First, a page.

One of the most beautiful things I remember about her, though, is how in-tune she was with God and how much she knew about and loved Him. Her Bible was tattered and marked up on every page. She had read it so much that the binding was falling off, so Jen made a lovely personalized, Tree-of Life cover for her and had her Bible re-bound. During our weekly group Bible studies, Caitlin always shared deep, impressive thoughts that led me to draw closer to God.

Caitlin was beautiful inside and out. When I think of her, I think of this verse:
"But thanks be to God, who in Christ always leads us in triumphal procession, and through us spreads the fragrance of the knowledge of Him everywhere. For we are the aroma of Christ to God among those who are being saved and among those who are perishing, to one a fragrance from death to death, to the other a fragrance from life to life. Who is sufficient for these things? For we are not, like so many, peddlers of God's word, but as men of sincerity, as commissioned by God, in the sight of God we speak in Christ" (2 Corinthians 2:14).

Our last picture together, May 2012
And in my pensive solitude this Sabbath morning, God gave me this verse to remember Caitlin as well: "Blessed are the people who know the festal shout, who walk, O Lord, in the light of your face, who exult in your name all the day and in your righteousness are exalted; for you are the glory of their strength..." (Psalm 89:15-17).

I look forward to the day when I can see Caitlin again in a perfect body, when the Lord calls her name at the resurrection, and we all go to heaven to live with our Savior forever (1 Thessalonians 4:13-18), for it is He and He alone who can transform our lives in this way and cause us to leave such a positive and far-reaching impact on others as did Caitlin.


7 Months Later . . .

You know you've been in Korea for a long time when . . .

You start smacking your food
You choose to use chopsticks, even if forks are available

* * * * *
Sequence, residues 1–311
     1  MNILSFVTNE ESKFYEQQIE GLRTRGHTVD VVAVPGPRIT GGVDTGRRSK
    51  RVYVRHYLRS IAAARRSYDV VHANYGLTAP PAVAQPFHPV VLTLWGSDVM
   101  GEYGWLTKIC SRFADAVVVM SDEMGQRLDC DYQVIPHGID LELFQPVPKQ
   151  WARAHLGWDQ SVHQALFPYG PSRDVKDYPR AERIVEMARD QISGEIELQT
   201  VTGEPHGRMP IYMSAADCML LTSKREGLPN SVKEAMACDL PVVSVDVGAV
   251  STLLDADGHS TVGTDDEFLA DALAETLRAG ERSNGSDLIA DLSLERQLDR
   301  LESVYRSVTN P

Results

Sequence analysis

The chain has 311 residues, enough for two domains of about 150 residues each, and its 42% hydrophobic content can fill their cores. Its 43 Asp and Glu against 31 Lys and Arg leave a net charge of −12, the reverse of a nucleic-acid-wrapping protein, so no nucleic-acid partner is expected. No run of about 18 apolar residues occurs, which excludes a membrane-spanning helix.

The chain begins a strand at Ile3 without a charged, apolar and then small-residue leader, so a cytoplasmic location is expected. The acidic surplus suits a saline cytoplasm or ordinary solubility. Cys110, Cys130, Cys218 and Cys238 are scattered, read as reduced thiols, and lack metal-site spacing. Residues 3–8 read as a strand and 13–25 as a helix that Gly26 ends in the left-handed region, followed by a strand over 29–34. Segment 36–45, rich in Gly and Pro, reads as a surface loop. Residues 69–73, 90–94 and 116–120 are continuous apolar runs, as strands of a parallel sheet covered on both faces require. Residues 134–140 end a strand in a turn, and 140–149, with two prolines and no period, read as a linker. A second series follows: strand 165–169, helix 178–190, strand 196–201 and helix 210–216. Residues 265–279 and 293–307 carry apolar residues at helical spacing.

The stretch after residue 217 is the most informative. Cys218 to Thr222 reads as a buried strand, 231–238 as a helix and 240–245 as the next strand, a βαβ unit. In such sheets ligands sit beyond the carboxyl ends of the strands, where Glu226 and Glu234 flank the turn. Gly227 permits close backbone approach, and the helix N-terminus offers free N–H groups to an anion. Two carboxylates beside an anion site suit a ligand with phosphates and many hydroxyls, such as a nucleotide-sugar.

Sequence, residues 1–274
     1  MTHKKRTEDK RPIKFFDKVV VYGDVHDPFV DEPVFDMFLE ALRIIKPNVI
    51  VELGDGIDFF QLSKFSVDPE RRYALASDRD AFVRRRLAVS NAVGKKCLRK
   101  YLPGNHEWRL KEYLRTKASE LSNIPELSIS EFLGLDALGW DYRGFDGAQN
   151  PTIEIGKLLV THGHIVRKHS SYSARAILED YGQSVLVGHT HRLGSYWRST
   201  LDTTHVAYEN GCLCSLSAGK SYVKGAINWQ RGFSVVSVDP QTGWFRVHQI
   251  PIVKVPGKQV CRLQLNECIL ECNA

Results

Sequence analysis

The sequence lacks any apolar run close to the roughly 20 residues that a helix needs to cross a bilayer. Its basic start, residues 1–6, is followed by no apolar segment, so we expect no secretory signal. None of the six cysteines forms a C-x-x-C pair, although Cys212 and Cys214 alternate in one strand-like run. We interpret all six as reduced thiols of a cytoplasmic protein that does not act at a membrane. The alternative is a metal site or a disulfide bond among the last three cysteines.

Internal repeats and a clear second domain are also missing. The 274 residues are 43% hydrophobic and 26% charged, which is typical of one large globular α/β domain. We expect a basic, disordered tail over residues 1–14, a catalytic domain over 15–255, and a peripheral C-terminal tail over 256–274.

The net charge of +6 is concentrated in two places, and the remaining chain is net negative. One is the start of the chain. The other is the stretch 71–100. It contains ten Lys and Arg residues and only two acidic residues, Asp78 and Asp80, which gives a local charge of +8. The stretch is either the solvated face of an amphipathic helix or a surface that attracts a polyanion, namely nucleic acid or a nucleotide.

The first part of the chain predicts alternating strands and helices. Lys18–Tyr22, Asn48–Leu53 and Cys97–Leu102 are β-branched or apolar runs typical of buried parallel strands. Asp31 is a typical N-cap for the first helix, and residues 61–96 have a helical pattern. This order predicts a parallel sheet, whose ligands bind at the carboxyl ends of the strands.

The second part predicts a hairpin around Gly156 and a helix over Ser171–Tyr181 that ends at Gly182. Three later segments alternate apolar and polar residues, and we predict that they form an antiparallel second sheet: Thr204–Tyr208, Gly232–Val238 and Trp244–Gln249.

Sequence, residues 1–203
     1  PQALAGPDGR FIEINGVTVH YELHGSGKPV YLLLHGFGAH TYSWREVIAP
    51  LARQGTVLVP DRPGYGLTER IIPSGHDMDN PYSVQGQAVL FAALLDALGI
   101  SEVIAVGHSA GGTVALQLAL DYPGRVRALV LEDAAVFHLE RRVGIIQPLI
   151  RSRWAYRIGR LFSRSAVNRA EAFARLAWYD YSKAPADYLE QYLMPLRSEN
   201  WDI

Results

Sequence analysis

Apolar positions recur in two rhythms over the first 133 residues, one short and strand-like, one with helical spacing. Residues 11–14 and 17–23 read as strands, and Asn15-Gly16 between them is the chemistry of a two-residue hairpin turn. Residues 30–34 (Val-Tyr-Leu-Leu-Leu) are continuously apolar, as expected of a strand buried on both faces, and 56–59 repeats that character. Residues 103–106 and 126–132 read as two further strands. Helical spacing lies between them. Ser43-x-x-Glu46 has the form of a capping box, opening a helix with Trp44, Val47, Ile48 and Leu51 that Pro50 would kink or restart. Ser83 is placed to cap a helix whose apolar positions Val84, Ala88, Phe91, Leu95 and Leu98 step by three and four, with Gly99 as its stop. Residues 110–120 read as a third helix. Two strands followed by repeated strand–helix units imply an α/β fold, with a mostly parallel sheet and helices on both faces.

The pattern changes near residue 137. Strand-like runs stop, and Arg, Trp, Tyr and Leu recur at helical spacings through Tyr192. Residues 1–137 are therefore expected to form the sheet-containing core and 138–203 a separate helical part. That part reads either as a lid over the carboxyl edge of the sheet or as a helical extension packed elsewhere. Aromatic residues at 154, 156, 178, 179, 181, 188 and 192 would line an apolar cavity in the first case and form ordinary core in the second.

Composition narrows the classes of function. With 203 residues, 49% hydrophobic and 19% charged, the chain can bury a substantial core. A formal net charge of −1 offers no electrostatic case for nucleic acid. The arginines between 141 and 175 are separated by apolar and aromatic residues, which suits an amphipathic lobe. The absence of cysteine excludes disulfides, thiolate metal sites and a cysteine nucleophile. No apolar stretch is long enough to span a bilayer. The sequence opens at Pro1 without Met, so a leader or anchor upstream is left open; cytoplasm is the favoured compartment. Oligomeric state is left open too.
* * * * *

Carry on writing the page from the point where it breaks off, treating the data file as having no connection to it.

You eat cake, fruit, cookies, and chips with chopsticks, too
You don't say "Excuse me," or "Sorry" when you run into someone or shove your way into or out of the subway
You have the ability to shove in and out of the subway at rush hour without wincing
You choose to stand in the bus or subway car for 30-45 minutes, even when seats are available, just because you're used to it
You walk for 17 km with your roommate just because you can
You bow your head to greet someone older than you or to thank someone
You hand things to people (even other foreigners) with both hands or with one hand touching your other elbow
You catch yourself correcting a student's English mistake with Konglish (Korean English)
You forget how to speak English
You speak three different languages in a single conversation
Tteokbokki is one of your favorite Korean foods--vegetarianized, of course
Jjinja becomes a regular part of your vocabulary
You enjoy eating goguma and only goguma for dinner (Korean sweet potato)
You can play PUMP
You enjoy sharing food

You know you're still a foreigner when . . .

Your landlady comes up to you on a regular basis and speaks to you for 20 minutes or more in Korean and you aren't able to get the message across to her that you don't speak Korean
You sit in silence as the church members jabber away in Korean
You play with your food while students that you went to dinner with talk in Korean and just wait for them to stop to translate for you
You go to Itaewon at least once a month for dinner and imported foods
You still don't like most Korean foods and can only eat Korean food 3 times a week
You get stared at in the subway
Random people come up to you to practice their English
You give your taxi driver the wrong directions
When you mention certain Korean place names, you get blank stares because you didn't pronounce them correctly
You don't like kimchi
You still prefer to eat cereal for breakfast
Fish markets still gross you out
Every day you travel is an adventure
You're the only one you know who can cook pasta and be praised for it
Older women pull your hair in the subway to see if your curls are real
You get told you're beautiful almost every day
You laugh at Koreans for looking in the mirror everywhere they go or for putting on makeup in public
You get frustrated by the lack of human rights that Korean employees have
You know that New York is a state and not only part of a city name
Most Koreans don't want to take a picture with you because "your face is too small"